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Top 5 Female Inventors

Talented women scientists have lived and worked at any period of history. However, unfortunately, their achievements are often underestimated or not taken into consideration. Therefore, it is just to mention the names of several scholars whose achievements we enjoy today and whose inventions have become a part of our everyday life.

 

  • Sofia Kovalevskaya (mathematician)

“She will be the next Pascal,” this is what Mykola Tirtov, a professor of physics and a friend of a family, once told her parents. It was he who noticed her exceptional gift for mathematics and academic brilliance. Later, when she became a first professor of mathematics in Europe, she proved these words to be true. Apart from this, she also was the first female to receive such a degree and the first doctor in mathematics having rights to teach.

The Paris Academy of Sciences honored her with the Borden Award for her research “The problem of rotation of a solid body around a fixed point.” Sofia Kovalevskaya also later became a laureate of the Swedish Academy of Sciences prize with the same work. For the exceptional contribution to the development of this subject, in 1889, the Department of Physics and Mathematics of the St. Petersburg Academy of Sciences allowed Sophia to join their community. This way she became the first female ever to be a Corresponding Member of this Academy. Except for gaining fame and world’s respect for her achievements in the theoretical Mathematics and Physics, Sofia Kovalevskaya will always be remembered as one of those people who moved the science closer for the next generations and opened a lot of shut doors.

 

  • Vera Rubin (astronomer)

It was Vera Rubin who proved the concentration of the galaxies, as before her it was believed that the universe is chaotic and the placement of galaxies, including ours, does not fall under any rules. Her way into science was not easy; she had to fight against the social prejudice towards female inventors but managed to win her place under the sun by hard work and great intellect.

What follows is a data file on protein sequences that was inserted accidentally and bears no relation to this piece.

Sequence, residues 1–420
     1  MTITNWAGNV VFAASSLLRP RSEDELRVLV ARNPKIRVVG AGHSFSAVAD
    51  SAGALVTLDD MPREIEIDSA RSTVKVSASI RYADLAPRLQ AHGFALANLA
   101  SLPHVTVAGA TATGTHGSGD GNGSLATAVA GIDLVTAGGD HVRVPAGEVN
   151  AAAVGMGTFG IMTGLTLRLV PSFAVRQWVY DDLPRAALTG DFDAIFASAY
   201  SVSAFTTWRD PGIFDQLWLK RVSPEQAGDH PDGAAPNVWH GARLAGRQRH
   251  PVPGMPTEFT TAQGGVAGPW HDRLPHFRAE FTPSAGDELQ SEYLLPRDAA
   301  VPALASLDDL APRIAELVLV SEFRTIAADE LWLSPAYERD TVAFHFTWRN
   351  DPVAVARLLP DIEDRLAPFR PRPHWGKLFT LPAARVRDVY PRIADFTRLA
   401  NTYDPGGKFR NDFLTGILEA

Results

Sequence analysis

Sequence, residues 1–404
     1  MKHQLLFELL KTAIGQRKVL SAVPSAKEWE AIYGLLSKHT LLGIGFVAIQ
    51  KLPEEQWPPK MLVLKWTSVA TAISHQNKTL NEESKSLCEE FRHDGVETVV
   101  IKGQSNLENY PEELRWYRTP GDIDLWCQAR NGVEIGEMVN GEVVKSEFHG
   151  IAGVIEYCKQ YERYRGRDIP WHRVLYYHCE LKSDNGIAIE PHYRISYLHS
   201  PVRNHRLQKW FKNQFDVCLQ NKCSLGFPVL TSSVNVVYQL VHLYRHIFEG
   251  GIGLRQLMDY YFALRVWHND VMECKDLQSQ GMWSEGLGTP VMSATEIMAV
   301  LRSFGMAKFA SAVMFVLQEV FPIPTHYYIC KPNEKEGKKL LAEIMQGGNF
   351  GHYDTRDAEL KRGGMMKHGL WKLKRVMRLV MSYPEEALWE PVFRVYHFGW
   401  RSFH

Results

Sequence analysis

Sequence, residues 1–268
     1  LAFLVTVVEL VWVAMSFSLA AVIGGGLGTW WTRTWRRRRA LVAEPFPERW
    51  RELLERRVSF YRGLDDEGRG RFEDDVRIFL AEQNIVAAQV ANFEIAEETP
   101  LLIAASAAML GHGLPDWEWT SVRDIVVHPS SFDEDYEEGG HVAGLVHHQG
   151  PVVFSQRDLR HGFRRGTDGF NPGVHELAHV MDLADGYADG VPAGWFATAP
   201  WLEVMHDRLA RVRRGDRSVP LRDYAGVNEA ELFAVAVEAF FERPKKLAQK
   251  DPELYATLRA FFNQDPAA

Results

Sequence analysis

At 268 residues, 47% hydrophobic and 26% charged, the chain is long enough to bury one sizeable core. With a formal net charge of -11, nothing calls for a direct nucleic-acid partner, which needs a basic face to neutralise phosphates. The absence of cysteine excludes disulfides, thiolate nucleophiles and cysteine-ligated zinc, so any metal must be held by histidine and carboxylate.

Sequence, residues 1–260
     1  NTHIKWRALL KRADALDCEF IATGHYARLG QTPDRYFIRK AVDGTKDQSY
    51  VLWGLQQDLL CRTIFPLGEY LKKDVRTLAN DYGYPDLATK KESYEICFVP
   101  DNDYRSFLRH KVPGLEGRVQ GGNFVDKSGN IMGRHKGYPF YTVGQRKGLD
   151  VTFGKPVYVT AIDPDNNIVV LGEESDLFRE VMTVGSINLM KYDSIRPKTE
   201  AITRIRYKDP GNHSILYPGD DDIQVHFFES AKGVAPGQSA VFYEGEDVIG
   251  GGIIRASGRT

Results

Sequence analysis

The subject of her researches and the topic that made her famous was dark matter and galactic rotation curve. Several astronomical works containing practical observations were published by her. These researches show that the observable velocity of stars near the center of a galaxy depends on the physical distance from the star to the center. The results of the study did not correspond with anything published before; she made a real breakthrough going ahead of the general theory of relativity and the classical Newtonian gravitation. But what was more important, those studies were proving the existence of dark matter, which created the need for arising of a whole new alternative theory of gravity. So, next time you meet beautiful girls, be attentive. Maybe they are the future of astronomical science!

 

  • Simona de Beauvoir (philosopher)

Simona was born in a family of Parisian aristocrats, so this is not a surprise she finished Sorbonne, becoming the ninth person in the history to ever do that. However, it does not cancel the fact she was a gifted philosopher. Maybe that is why she managed to attract Jean P. Sartre for the relationship with whom she is most famous for. They were working together their whole life and published brilliant texts in a couple, the first of which was created during World War II.

After the war, she made a statement, writing a work called Second Sex, regarding the role of women in history. It was this text that later became the basis of the feminist movement.

 

  • Rosalind Franklin (biophysicist)

Not many people are aware that this woman was the one to first discover DNA. Although incidental, this discovery made her step out of the shadow of her earlier works that did not bring her any recognition because they were written co-authorly with other male scientists, and they received all the fame. It was her analysis of the x-ray image of DNA that showed the convoluted structure. Unfortunately, in 1961, the scholars working together with Rosalind received the Nobel Prize for the discovery, but the woman died of cancer 4 years earlier.

 

  • Elizabeth Blackwell (physician)

Back in the XIX century, it was almost impossible for a woman to get into a medical school. Despite all the obstacles, in 1849, Elizabeth received an academic degree and became the first fetal medicine doctor in American history. Then she experienced a standstill in her career – no hospital wanted to take her for a job. That is why, in 1874, she, together with another female scholar, opened her own Jacks Blackwell’s Medical School for Women in London! Not only did she not give up but later continued fighting for women rights and standing up for the feminist movement.

 

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